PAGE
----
This journey is almost at an end. For the past weeks I’ve continued refining the game content, changing some things and also experimenting with some non-traditional point and click mechanics.
After making the final cosmetic changes, the first thing I did was to ask some people to test the game.
I was glad to see the game was received well, and they liked the mechanics and story, although they gave me some really useful info.
Another thing I noticed is that some of them caught the “twist” of the story very early (too early), so that made me rethink a few things about the way the story is presented.
So, after fixing some bugs and issues they had, I decided to “shuffle” things around. Now, conversations that happened earlier in the game, happen in the middle or end of the game, for example. This was very easy to do for this game, since all the different sections are their own “scenes” and all I have to do is change the way the scenes are loaded.
Another thing I added was a couple of “boss battles.” Hidden object games don’t usually have boss-battles, but in my case I want to make a hybrid, so I decided a boss battle would be a good idea.
However, I had to keep in mind that my demographic may not be expert gamers, so I couldn’t make “difficult” boss battles, and also, I had to make them using the same point and click mechanics and other constraints. For example, timed clicking on a boss’ body part is acceptable, but dodging lasers is not, since the game always plays from a fixed position.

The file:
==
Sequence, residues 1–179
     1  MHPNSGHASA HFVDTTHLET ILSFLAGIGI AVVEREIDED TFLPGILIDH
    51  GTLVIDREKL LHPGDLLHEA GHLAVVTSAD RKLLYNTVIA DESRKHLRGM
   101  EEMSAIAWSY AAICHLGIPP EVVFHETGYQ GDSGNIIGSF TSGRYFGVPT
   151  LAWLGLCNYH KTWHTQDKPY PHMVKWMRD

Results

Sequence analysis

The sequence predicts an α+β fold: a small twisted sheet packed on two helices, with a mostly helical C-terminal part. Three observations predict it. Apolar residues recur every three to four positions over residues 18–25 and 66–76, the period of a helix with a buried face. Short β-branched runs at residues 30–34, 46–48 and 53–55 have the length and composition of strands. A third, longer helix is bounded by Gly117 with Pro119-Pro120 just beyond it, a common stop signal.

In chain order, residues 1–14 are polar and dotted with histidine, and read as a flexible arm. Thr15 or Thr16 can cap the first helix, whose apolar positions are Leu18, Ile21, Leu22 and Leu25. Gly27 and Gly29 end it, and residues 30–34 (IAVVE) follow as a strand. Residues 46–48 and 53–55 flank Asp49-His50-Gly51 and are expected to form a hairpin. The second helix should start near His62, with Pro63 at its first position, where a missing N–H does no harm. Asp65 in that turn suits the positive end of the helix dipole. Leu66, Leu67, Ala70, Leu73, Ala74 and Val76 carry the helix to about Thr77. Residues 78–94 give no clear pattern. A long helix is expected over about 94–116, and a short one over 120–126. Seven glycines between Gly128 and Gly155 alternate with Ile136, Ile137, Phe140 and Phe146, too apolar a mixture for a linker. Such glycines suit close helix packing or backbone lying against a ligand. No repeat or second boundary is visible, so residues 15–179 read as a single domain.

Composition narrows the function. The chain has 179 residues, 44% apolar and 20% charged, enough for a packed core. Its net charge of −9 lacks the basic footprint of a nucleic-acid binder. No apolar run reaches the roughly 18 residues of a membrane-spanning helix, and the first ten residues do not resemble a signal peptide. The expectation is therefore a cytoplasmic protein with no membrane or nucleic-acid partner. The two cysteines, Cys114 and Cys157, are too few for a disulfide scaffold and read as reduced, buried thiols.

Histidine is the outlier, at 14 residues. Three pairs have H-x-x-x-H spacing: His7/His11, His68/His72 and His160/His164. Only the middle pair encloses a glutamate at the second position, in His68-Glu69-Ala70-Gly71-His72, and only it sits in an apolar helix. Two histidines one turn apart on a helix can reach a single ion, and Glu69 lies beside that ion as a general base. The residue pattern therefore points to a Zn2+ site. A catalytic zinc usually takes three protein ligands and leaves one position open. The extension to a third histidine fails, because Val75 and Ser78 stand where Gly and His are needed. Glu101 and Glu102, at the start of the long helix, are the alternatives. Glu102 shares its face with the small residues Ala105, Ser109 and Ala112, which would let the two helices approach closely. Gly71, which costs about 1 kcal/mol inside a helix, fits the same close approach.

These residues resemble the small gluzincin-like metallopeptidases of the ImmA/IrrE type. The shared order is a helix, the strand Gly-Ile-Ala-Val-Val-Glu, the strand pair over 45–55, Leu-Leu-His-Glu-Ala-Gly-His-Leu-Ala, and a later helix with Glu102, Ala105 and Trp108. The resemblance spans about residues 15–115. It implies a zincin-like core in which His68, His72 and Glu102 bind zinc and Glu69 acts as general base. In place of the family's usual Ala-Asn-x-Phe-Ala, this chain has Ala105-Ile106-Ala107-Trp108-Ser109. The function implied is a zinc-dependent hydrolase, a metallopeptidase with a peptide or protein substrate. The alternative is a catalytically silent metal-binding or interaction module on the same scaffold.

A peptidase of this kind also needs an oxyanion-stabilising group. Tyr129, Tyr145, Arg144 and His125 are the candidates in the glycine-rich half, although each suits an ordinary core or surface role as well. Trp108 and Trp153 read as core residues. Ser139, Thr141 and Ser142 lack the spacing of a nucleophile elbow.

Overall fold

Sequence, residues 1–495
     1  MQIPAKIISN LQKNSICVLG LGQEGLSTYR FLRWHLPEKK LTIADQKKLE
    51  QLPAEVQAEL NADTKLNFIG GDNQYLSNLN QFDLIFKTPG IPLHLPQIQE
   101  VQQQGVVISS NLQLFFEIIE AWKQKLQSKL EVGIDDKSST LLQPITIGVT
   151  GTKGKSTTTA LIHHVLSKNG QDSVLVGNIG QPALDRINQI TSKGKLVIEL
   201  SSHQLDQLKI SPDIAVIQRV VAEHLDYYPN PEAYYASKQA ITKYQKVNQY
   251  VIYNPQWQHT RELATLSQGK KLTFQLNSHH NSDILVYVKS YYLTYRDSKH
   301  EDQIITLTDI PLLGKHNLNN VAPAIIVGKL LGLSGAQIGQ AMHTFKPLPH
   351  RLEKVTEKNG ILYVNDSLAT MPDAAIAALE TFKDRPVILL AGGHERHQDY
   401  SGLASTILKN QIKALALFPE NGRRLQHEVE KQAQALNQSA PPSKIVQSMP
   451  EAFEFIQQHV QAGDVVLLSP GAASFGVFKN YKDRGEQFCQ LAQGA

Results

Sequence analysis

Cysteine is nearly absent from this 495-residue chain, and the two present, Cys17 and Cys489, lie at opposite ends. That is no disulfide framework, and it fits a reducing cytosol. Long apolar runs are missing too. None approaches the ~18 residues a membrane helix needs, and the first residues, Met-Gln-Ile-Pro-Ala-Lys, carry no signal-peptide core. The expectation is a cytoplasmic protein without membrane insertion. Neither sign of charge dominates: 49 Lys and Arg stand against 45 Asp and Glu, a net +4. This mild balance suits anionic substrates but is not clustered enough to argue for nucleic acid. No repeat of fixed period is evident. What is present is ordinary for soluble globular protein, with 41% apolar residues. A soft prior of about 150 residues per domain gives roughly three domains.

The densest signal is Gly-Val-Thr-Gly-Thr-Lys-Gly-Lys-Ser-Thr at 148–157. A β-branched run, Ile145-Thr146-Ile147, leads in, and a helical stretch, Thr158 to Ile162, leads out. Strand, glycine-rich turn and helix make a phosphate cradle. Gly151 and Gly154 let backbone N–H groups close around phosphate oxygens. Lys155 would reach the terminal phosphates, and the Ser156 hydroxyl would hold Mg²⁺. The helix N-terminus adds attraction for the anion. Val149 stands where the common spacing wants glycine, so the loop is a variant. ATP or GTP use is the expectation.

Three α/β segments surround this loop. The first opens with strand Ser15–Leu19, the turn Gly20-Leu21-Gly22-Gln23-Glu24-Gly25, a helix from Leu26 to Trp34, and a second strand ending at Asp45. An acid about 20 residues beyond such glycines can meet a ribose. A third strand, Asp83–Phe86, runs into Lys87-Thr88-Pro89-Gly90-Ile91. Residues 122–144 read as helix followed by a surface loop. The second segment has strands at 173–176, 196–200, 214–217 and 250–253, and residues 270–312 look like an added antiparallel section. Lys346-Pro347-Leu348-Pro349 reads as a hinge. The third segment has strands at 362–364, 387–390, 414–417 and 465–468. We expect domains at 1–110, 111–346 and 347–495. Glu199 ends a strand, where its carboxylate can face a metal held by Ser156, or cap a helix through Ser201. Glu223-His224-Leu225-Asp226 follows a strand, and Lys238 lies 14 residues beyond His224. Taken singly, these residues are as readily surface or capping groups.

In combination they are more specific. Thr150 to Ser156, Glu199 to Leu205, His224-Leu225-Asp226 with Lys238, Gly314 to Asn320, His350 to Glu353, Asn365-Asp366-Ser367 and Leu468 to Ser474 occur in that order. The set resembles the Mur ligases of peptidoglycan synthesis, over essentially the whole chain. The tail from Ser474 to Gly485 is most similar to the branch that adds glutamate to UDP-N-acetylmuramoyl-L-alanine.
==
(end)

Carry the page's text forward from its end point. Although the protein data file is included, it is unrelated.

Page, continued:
Being a “solo developer” means you also have to take care of other things unrelated to the actual game development. That means I had to prepare my own store page, screenshots, trailer, store description, press kit, and similar things. You can hire people to do your store media, but things like trailers can be quite expensive sometimes. Luckily, I worked in media production for a long time, and even if I am not an expert trailer creator, I have a good notion of what makes a good trailer, as well as good screenshots.
Making the screenshots was tricky. For my other games, like Enola or The Nightmare from Beyond, I could make “custom screenshots,” meaning that I could build a scene, place characters, lights, and then find the best angle for the camera. However, doing this for Aisling’s Quest might be confusing or even considered “false advertising” because my target audience is different, and they may not know the difference between a “custom built cinematic style screenshot” and a regular screenshot. For that reason, I had to make my screenshots with a “what you see is what you get” mentality, and thus I had to find scenes of the game that were meaningful in one way or another.
So, what’s next?
Well, I’ve set my deadline on the March 21. By that day, the game should be ready for final submission to any store so it can be ready for release on the April 10.
Right now, its Steam page is already up, but since my main target is the casual market, I will also make it available on other places, like the Windows Store, or the Mac App Store. As soon as it launches on PC, I will begin porting the game to PlayStation 4 and PlayStation Vita.
You can check out "The Dreamlands: Aisling's Quest" right now on Steam.